Connect with us

Asia-Pacific

China releases video of UK consulate worker’s confession

Published

on

Simon Cheng, a Hong Kong citizen

Simon Cheng, a Hong Kong citizen, said on Wednesday he was shackled to a steel ‘tiger chair,’ hung spread-eagled on a ‘steep X-Cross’ and beaten by the secret police.

Chinese police on Wednesday published a video purporting to show a former employee of the British consulate in Hong Kong confessing to soliciting prostitutes after Britain backed his allegation that he was tortured over pro-democracy protests.

The case has added to tensions between Beijing and London over the demonstrations that have roiled the former British colony for months.

Authorities in China have released what they say is a confession by detained former British consular employee Simon Cheng, who earlier this week claimed he was tortured by police in August.

Cheng, a 28-year-old Hong Kong citizen who was detained for 15 days while on a trip to mainland China earlier this year, claimed in a Facebook statement Wednesday that he was beaten, blindfolded, deprived of sleep, chained spread-eagled and forced to hold stress positions for hours at a time.

Cheng said in a statement on Facebook that police had accused him of being a British spy and questioned him about London’s role in protests that have wracked the semi-autonomous city for months.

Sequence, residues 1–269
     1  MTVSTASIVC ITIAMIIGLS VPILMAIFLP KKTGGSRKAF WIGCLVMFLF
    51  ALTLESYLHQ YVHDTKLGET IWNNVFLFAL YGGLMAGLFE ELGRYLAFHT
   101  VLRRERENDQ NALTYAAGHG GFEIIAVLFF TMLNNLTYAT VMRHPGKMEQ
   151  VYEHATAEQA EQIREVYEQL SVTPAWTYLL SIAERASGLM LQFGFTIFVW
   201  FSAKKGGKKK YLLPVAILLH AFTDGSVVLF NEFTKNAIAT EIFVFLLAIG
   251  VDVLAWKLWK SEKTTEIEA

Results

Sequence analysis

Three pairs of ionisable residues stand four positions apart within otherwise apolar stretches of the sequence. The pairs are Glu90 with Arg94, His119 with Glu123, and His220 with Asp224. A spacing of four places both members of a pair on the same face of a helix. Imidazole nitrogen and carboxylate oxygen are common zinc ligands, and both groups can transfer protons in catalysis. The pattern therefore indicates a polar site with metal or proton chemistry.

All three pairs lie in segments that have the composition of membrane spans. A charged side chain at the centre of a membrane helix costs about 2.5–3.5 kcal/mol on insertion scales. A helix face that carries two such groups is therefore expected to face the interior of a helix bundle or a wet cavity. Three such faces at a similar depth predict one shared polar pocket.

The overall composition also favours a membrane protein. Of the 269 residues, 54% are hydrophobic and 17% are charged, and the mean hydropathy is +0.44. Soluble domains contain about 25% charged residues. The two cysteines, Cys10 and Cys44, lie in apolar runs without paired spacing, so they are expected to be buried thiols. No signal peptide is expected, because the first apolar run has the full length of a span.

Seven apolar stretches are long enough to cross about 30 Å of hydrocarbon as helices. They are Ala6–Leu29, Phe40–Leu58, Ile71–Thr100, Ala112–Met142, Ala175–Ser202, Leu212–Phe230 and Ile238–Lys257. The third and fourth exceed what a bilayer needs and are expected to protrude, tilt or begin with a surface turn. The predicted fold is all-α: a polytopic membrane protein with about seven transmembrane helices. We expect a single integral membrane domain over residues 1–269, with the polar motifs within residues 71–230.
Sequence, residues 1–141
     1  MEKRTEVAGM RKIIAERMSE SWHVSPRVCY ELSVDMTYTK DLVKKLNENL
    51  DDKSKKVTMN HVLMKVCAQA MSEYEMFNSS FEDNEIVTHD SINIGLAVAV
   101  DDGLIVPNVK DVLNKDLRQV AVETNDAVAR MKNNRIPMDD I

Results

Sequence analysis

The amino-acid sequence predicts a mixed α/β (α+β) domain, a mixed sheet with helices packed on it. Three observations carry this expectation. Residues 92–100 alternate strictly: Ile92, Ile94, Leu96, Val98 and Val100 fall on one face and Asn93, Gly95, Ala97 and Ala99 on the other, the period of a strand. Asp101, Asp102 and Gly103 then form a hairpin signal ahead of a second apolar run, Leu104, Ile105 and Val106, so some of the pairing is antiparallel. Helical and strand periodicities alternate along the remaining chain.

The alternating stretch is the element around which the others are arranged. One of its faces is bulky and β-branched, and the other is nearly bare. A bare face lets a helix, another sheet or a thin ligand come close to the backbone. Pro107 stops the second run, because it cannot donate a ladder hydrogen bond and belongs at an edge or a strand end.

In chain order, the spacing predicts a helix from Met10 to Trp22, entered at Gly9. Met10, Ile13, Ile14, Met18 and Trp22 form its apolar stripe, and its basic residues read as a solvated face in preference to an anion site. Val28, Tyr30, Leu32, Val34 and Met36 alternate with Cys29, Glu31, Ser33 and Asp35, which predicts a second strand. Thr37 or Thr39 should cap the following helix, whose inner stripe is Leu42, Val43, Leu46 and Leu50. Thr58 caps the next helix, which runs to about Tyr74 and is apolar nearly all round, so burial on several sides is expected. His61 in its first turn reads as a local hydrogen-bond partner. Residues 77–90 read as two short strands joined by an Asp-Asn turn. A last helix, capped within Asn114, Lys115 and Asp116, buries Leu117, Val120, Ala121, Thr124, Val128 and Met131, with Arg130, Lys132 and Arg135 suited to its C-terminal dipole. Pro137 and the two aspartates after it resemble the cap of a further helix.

Cheng said he felt he had no choice but to make a filmed confession to “soliciting prostitution,” a charge that he said was offered by police as an alternative to “indefinite criminal detention,” and that he had not been allowed to contact his family.

He added in the statement that he had “got a massage for relaxation after work hours.”

In allegations that could inflame the protesters in Hong Kong and reinforce fears of many in the city, Cheng claimed that Chinese police told him “batches of Hong Kong protesters” had been “caught, delivered and detained in mainland China.”

British Foreign Secretary Dominic Raab appeared to endorse many of Cheng’s claims Wednesday, saying in a statement that his “mistreatment” while in detention “amounts to torture.”

It is deeply controversial: Hong Kong’s pro-democracy movement views the presence of the Chinese police, manning the Chinese side, as an unwelcome extension of Chinese authority.

It was here they stopped Simon Cheng, returning from his business trip.

He was put on a train, transported back to Shenzhen and handed over, he says, to three plainclothes officers from China’s National Security Police.

Raising his arms above his head Mr. Cheng shows me how he was hung up from the chain linking the handcuffs on his wrists.

The questions focused on his involvement in the protests with the aim, he says, of forcing him to confess to fomenting unrest on behalf of the British state.

Trending

Sitemap | Copyright © 2018-2019 theforeigncode.com